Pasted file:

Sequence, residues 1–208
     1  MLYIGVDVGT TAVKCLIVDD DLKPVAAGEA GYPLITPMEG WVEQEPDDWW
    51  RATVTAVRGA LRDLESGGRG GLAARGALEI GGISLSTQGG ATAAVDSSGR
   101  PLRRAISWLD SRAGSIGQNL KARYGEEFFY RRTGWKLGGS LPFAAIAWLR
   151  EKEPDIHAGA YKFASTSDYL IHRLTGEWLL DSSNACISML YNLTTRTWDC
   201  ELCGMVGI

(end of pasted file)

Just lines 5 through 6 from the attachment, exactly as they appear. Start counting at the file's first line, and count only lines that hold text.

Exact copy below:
   151  EKEPDIHAGA YKFASTSDYL IHRLTGEWLL DSSNACISML YNLTTRTWDC
   201  ELCGMVGI